How much do you know about the BlackRock
hedge fund? Better bone up fast, now that the folks at BlackRock are
calling the shots in the government's trillion-dollar bailout program.
As both The New York Times and The Wall Street journal reported on
Tuesday, BlackRock execs are now directing key elements of the
government program at a time when they stand to reap great profits from
the fallout of a problem they helped create.
The U.S. picked BlackRock to manage the
assets once controlled by AIG and Bear Stearns and to analyze the
assets of Freddie Mac and Morgan Stanley. And as if that were not
enough on its plate, the Treasury Department has just selected
BlackRock to be one of the few firms trusted with using U.S. taxpayer
dollars to buy toxic assets from the banks and then resell them in a
process that presents enormous conflicts of interest with other
Bank of America, with a 47% ownership
position in BlackRock, is also the owner of what was once Countrywide
Financial, which led the pack in selling bad mortgages. The disposition
of those failed properties under BlackRock's tutelage will have much to
do with BofA's future profitability. As if that were not enough
financial incest, the former president and other top executives of
Countrywide now run a company created by BlackRock, which is profiting
mightily by snapping up the sort of distressed loans that they
originally had marketed.
Confused? You're supposed to be. That's
the point of a successful hedge fund, a totally unregulated activity in
which very rich people pool their money in order to more effectively
rip off the rest of us. And BlackRock is at the top of that game,
managing $1.3 trillion in assets. But in this round the stakes are far
higher because BlackRock, which did a great deal to cause the economic
meltdown, has now been put in charge of the government recovery effort.
But don't take my word for it; check out
the accounts of BlackRock's leading role in managing the bailout in The
New York Times and Wall Street Journal on Tuesday.
The New York Times: "Can a company that is
being paid to price and sell troubled assets for the government buy the
same kinds of assets for private clients without showing preference?
And should the government seek counsel from a company whose clients
stand to make or lose billions if those policies are enacted?"
The Wall Street Journal: "BlackRock helped
shape the government's toxic-asset plan, which critics have said helps
vulture investors buy assets on the cheap while exposing taxpayers to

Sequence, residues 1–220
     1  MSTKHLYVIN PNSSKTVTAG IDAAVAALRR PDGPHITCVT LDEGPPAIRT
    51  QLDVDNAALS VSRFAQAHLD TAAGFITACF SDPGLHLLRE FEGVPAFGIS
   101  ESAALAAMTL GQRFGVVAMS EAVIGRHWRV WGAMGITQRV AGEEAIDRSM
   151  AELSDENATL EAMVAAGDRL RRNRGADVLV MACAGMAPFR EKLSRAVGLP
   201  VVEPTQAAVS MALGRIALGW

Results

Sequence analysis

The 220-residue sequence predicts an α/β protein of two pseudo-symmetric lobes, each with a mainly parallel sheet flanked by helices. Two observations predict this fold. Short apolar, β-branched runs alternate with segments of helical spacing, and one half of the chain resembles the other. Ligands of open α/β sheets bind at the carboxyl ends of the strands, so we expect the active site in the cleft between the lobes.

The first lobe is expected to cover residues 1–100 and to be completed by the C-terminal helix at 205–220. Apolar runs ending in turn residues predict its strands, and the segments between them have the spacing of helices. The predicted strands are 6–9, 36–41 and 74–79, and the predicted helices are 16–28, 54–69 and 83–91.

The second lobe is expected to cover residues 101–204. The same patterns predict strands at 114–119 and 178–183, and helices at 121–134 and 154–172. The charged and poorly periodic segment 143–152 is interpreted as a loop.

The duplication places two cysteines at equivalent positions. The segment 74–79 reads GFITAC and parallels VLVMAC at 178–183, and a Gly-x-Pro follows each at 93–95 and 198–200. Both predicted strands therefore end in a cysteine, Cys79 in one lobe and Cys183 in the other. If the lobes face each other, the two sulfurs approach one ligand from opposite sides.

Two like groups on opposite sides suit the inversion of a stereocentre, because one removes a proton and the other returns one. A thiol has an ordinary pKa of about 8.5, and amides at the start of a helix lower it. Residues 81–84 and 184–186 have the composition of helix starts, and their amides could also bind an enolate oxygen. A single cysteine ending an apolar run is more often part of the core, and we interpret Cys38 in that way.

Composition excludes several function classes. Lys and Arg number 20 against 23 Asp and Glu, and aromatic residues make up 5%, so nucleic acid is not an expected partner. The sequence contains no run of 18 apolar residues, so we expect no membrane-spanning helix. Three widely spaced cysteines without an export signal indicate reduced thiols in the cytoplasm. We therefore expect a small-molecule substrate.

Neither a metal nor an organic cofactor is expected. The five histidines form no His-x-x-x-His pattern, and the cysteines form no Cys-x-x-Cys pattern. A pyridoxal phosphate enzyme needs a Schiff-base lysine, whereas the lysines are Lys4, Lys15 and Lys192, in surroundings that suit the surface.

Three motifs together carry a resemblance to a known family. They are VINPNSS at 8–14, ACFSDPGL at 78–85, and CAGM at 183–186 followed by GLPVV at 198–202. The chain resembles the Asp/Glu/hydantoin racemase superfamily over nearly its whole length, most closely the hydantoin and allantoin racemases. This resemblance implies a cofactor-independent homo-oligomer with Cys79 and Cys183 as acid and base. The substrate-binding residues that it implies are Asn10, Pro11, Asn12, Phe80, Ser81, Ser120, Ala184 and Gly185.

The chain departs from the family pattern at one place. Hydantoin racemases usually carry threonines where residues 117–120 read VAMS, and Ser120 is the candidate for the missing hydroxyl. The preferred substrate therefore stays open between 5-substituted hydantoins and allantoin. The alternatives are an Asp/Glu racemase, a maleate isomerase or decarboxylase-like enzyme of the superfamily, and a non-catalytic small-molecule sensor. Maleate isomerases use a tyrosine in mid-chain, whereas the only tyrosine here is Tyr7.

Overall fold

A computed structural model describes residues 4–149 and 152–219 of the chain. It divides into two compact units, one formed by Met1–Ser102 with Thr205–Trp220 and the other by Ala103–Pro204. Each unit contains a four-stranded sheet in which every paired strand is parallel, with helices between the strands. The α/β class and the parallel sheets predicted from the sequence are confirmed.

the bulk of losses if the investments sour."
Leading the pack of vulture capitalists
profiting from the misery they inspired is the Private National
Acceptance Co. (PennyMac), which BlackRock bankrolled. Stanford L.
Kurland, chairman and CEO of PennyMac, is the former president of
Countrywide Financial. A New York Times story in March headlined
"Ex-Leaders of Countrywide Profit From Bad Loans" noted that Kurland's
new outfit was profiting from the misery it had helped cause: "After
all, the banking behemoth (Countrywide) made risky loans to tens of
thousands of Americans, helping set off a chain of events that has the
Countrywide, under Kurland's leadership,
specialized in those low "teaser" interest rates that caused people to
lose their homes when rates suddenly ballooned. As the Times observed,
"Countrywide has become synonymous with the excesses that led to the
housing bubble." Now Kurland's new company specializes in buying back
those forfeited and at-risk properties for pennies on the dollar and
making money off new loans and sales.
"It is sort of like the arsonist who sets
fire to the house and then buys up the charred remains and sells it,"
Margot Saunders, a lawyer with the National Consumer Law Center, told
"Kurland is seeking to capitalize on a
situation that was a product of his own creation," noted Blair A.
Nicholas, a lawyer representing Arkansas teachers suing Kurland and his
fellow Countrywide executives. "It is tragic and ironic. ... But then
again, greed is a growth industry."
And once again the greediest will make out
like bandits, with only a few of them ever being held accountable.
Kurland sold $200 million in Countrywide stock shortly before the
meltdown and, in any case, the spectacular failure of his banking
experience only made him all that more employable.
Quoting federal banking officials, the
Times reported, "They said it was important to do business with
experienced mortgage operators like Mr. Kurland, who know how to
creatively renegotiate delinquent loans." Has our president never heard